11 thoughts on “5 Revolutionaries Who Need Movies Made About Them

  1. Nanny of the Maroons, who lead the Jamaican Windward Maroons in a war against the British and won freedom and land for her people.

    Osceola, led resistance against American colonizers during the Second Seminole American War. Stabber of treaties.

    My ancestor John Horse, another leader in the Second Seminole War and in peace time. Lead a band of Black Seminoles across the border into Mexico to avoid American slavery and negotiated for land and military positions.

  2. Yes, need some more love for Toussaint Louverture, or for Dessalines, or any of the Haitian revolutionaries. I would love to see a positive portrayal of Haiti in the media.

    As a Canadian, I believe we need a new version of Riel’s story. I have lots of love for the 1970s miniseries, but it would be good to have a new version that cleans up the historical inaccuracies. Other Canadian rebels who need more public exposure are Mackenzie and Papineau from the 1837-38 uprisings.

  3. I’d love to see an adaptation of Paul Revere’s Ride by David Hackett Fisher. He really researched this event and made it come to life. It would be really exciting! Too many people just dismiss the American Revolution as “done”, but there haven’t been many good movies about it. Too often they try to cover too many events. It was a long war!

  4. I’d be happy to see a biopic of Marguerite de Valois that wasn’t an adaptation of Dumas’ book. She was a fascinating person in her own right, an advocate for women’s rights, and as it was her marriage to Henry of Navarre which set off the St. Bartholomew’s Day Massacre, she was a central figure in the French Wars of Religion.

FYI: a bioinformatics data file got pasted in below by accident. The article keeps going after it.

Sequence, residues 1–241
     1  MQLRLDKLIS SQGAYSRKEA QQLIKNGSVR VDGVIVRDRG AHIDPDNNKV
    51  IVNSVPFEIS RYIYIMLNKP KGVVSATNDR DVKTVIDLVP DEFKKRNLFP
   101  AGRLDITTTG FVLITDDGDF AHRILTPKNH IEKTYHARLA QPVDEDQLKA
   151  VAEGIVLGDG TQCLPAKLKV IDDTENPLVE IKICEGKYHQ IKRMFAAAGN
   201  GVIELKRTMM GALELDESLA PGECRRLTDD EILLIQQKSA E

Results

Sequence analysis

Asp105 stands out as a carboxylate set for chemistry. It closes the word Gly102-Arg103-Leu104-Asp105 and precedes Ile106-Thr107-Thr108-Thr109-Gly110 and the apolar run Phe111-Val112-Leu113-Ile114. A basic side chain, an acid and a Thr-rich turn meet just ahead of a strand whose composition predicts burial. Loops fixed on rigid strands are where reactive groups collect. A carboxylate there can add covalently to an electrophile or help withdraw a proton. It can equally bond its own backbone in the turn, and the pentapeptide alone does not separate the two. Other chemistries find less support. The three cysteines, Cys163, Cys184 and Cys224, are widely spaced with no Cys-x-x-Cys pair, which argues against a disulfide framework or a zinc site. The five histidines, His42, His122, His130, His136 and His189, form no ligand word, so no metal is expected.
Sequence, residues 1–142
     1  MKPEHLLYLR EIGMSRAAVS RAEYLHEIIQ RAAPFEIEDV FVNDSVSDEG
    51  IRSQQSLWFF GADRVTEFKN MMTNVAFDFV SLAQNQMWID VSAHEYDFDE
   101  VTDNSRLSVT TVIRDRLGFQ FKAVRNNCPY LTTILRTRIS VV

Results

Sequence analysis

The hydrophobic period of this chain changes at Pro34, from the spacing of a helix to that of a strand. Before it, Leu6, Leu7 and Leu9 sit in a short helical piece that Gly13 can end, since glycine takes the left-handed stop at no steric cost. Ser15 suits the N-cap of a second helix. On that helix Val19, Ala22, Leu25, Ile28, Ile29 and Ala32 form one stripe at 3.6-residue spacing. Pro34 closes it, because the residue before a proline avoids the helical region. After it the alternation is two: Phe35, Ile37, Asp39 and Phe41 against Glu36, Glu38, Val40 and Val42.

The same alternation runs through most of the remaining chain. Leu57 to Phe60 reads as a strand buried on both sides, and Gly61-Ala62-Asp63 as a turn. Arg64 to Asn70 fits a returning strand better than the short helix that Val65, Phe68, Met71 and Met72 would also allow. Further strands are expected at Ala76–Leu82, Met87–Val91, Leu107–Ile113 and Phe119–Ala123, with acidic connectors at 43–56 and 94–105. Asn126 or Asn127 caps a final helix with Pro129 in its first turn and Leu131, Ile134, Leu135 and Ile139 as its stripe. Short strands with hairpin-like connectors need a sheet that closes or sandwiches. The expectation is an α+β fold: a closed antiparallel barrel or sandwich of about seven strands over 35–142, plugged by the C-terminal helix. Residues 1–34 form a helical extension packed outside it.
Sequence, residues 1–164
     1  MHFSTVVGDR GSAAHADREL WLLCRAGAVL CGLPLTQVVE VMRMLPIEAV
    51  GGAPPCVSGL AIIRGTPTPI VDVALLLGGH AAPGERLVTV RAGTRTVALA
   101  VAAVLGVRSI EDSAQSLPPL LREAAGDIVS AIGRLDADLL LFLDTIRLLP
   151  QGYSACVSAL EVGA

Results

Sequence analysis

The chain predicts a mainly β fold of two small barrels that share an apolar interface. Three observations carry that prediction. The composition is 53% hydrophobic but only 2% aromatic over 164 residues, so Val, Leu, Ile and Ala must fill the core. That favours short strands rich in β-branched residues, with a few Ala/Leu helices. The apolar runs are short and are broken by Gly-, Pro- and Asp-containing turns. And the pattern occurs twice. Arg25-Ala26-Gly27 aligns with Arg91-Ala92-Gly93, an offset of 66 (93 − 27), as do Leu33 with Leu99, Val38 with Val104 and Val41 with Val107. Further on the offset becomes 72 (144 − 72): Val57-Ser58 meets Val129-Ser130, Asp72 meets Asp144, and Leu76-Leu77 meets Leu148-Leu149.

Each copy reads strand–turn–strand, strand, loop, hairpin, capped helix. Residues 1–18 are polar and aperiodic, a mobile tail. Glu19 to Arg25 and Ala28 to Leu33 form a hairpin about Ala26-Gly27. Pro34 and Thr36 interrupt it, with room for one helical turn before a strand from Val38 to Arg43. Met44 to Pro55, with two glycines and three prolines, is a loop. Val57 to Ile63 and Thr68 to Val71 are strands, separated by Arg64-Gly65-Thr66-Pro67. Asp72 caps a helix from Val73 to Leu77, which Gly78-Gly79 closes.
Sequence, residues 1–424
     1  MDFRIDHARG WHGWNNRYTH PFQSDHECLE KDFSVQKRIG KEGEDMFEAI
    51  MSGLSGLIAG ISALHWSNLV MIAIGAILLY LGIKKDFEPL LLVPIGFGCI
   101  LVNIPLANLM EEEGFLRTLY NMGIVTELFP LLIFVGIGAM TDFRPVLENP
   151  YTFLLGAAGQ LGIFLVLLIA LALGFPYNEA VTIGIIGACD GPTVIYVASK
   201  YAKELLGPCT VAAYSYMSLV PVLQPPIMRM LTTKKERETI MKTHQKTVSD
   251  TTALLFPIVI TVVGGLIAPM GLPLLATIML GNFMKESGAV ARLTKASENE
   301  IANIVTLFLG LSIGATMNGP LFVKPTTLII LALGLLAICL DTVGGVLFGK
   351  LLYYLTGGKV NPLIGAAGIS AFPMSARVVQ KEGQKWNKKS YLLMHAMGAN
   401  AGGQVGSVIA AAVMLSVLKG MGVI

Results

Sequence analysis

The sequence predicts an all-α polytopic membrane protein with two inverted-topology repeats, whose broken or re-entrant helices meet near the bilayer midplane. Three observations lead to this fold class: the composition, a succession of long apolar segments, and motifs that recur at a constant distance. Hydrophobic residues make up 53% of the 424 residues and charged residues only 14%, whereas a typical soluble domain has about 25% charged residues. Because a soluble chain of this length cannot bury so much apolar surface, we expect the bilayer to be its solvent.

Another person I’d like to see represented is Henriette Campan. She was a lady-in-waiting to Marie Antoinette and her memoirs provide almost all of what we know about the royals’ private life before the Revolution. She survived the Revolution and became an advocate for girls’ education. Her most lasting contribution was probably the inclusion of home economics in her cirriculum.

    Germaine de Stael would be another interesting subject. She was another first-hand witness of the French Revolution who managed to live all the way through it. Her life would make a roller coaster of a Philippa F. Gregory novel if you added some incest to it.

  5. Completely OT, but I was saddened to hear of the death of Glenda Jackson. RIP, Glenda. You were a true individual.

  6. So sorry to hear that Glenda Jackson is dead. The greatest onscreen Elizabeth I, in my opinion.

    I’d love to see a miniseries about Toussaint L’Ouverture.

  7. Thomas Sankara.
    Aung San.
    Both history-making, mostly positive figures, ongoing legacies, killed by their own.
    The downside is that such movies would require familiarity with events most people don’t know about, even though we know the larger picture – colonialism, WWII…

  8. Alberte-Barbe D’ernécourt, Dame de Saint-Baslemont. Composer Lisa Neher and I wrote a short opera about one event in her life, but she’d make a great feature-length movie. During the Hundred Years’ War, she disguised herself as the “chevalier de Saint-Baslemont,” protecting her lands and people, even fighting and winning a duel against a man who tried to take over her chateau.

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